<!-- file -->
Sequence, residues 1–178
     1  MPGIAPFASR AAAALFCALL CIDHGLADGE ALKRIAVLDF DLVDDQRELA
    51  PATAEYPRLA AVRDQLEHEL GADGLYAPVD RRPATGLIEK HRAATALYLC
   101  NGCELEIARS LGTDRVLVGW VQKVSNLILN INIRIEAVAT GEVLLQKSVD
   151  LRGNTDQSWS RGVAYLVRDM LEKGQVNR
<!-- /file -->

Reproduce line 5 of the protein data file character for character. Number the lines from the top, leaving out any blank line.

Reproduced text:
   151  LRGNTDQSWS RGVAYLVRDM LEKGQVNR